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dianoigo blog

Tuesday, 8 August 2017

Why join the Church that produced the Crusades, the Inquisition and the Clerical Sex Abuse Scandal?

Since becoming a Catholic earlier this year, I have had correspondence and conversations with a number of relatives and friends who believe I have made a big error in judgment. They expressed their concerns with care and candour and even a degree of perplexity—joining the Catholic Church is not just inadvisable, it is not worth a moment’s thought. My relatives and friends raised various specific reasons why becoming a Catholic was such a bad idea, such as (what they perceive to be) unbiblical doctrines and a wooden, ritualistic approach to religious life. For most, though, a very clear deal-breaker is the Catholic Church’s shameful history. Questions were posed like, “Why in the world would you want to associate yourself with a church that has committed so many atrocities?” A list would then follow with items such as the usurpation of temporal political power, the Crusades, the Inquisition (and many other acts of persecution targeting Jews and nonconformist Christians), the stubborn resistance to non-geocentric models of the universe, the sale of indulgences and other corrupt practices that precipitated the Protestant Reformation, and—in our own time—the still-unfolding clerical sex abuse scandal. Those who really know their history could undoubtedly add many more examples, but these suffice to make the point: the Catholic Church has a very checkered past, to say the least. Is it not obvious that this is not the true Church but a corrupt distortion? Who could be so na├»ve as to think otherwise?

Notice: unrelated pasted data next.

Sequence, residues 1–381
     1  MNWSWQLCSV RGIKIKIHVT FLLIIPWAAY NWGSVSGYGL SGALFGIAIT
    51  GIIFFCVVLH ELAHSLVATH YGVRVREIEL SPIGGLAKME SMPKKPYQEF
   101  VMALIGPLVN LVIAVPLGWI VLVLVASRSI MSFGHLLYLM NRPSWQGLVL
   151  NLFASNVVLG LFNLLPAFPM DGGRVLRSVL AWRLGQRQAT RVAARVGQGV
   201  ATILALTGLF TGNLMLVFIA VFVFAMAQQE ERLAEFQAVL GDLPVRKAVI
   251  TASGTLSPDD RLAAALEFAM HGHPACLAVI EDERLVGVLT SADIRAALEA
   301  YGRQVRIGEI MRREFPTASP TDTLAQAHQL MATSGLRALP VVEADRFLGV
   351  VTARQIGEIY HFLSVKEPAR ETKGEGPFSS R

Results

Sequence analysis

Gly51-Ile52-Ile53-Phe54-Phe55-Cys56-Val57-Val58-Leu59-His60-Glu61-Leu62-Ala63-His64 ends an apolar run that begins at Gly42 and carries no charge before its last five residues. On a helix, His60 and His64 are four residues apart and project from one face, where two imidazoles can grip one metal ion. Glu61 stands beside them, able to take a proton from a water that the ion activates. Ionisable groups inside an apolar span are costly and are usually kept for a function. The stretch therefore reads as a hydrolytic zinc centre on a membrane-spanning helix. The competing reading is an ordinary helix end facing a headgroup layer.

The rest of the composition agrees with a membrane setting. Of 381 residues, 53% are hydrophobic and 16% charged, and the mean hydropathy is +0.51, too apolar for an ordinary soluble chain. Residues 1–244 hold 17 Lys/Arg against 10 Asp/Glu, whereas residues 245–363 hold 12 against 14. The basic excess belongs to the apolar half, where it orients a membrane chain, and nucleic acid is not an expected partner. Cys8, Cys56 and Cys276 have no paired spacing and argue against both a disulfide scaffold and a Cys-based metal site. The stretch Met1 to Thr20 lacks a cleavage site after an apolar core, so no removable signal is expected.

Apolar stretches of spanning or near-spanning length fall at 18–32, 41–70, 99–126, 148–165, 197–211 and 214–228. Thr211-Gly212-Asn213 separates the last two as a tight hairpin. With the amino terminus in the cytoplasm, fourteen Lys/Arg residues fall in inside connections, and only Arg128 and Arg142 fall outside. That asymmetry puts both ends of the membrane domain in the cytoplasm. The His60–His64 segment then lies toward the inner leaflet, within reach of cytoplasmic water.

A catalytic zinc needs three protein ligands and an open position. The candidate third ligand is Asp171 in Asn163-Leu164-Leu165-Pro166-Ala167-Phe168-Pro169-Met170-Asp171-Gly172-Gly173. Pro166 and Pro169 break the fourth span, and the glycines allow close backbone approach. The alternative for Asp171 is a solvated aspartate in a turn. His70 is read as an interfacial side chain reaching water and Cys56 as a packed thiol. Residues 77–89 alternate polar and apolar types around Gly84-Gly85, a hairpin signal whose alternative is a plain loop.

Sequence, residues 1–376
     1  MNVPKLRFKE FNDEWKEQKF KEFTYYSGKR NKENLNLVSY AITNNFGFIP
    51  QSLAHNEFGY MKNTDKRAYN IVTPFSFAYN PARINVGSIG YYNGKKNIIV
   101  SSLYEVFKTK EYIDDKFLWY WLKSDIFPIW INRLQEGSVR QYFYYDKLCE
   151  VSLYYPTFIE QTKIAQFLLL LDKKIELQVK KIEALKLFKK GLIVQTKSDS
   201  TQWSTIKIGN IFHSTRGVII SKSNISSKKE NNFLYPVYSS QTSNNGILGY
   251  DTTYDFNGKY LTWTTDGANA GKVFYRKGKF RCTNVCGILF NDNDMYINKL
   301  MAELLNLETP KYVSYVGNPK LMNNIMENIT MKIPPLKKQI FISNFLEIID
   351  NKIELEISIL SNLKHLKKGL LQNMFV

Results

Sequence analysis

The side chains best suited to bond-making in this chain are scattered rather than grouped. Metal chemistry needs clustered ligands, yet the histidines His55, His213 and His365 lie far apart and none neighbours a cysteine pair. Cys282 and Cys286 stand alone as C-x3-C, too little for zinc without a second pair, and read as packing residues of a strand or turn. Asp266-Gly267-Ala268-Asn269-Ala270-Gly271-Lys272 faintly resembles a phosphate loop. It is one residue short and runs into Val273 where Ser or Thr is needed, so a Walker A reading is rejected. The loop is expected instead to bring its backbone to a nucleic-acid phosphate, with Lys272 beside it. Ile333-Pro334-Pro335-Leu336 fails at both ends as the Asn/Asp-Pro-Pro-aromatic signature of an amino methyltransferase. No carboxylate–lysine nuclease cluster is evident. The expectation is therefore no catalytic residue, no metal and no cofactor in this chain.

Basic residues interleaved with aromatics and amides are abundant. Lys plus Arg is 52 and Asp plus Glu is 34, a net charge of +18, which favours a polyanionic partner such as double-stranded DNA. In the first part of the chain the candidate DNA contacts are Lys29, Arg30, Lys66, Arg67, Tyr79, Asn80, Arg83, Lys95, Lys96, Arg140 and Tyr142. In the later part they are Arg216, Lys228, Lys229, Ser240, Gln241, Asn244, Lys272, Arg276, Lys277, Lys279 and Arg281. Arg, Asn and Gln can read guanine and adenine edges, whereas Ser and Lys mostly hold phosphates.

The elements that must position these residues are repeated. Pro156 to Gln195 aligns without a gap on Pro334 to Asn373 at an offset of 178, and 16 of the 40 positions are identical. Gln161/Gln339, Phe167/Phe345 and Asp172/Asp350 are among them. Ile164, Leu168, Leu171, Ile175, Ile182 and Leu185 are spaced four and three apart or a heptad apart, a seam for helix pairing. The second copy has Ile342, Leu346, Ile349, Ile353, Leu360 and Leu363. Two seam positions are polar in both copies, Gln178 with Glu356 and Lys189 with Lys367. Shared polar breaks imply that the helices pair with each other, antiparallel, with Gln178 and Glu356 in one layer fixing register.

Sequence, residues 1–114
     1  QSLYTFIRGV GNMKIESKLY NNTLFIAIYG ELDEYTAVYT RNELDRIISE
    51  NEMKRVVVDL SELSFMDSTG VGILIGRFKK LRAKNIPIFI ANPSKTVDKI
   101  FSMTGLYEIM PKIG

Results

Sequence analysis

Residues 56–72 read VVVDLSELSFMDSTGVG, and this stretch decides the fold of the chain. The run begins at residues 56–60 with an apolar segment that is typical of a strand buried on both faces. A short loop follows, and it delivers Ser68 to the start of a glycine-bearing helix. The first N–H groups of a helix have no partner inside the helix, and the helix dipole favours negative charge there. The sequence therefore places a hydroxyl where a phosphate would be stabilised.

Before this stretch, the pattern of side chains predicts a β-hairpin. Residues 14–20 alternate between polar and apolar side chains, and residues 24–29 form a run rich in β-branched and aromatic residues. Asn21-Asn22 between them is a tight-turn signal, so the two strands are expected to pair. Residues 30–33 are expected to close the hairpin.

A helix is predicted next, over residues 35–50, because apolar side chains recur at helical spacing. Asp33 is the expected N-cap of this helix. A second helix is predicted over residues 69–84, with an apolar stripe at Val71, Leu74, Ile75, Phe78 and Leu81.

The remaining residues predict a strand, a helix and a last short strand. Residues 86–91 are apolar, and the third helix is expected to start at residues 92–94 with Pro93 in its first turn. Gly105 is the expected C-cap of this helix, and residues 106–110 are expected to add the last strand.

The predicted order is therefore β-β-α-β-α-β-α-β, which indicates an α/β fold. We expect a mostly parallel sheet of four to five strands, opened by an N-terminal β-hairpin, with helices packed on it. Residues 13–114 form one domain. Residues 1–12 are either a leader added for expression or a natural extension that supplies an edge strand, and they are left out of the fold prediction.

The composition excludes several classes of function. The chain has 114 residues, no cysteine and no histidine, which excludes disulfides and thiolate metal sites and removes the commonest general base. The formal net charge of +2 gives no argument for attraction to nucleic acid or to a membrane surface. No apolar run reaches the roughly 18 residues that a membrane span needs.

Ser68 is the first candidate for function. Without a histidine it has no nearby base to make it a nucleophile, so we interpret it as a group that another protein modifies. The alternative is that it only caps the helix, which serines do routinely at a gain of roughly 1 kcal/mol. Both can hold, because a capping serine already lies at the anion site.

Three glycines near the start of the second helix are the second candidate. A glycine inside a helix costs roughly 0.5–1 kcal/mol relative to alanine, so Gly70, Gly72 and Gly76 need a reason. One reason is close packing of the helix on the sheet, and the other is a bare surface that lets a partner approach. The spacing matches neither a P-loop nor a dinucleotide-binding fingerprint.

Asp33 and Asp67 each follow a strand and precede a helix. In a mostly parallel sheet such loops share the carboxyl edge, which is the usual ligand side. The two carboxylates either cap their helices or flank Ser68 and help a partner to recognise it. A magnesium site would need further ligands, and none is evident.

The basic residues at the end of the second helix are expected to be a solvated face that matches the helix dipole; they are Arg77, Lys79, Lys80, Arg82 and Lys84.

Now, I doubt that any non-Catholic has converted to Catholicism in recent times without first having seriously wrestled with this issue. And there are various ways one might try to “get around it,” so to speak. One could dig up dirt on other ecclesiastical traditions to show that their track record is not much better. One could argue that once one understands the historical context, various people and events were not as bad as they first appear. One could point to many positive contributions of the Catholic Church in areas of public health, poverty alleviation, social justice, education, human rights, etc. Or one could disown those who commit(ted) such atrocities as not real Catholics, and dissociate oneself from this past. After all, I didn’t go on the Crusades, and I didn’t burn anyone at the stake. Don’t blame me for things that happened long ago.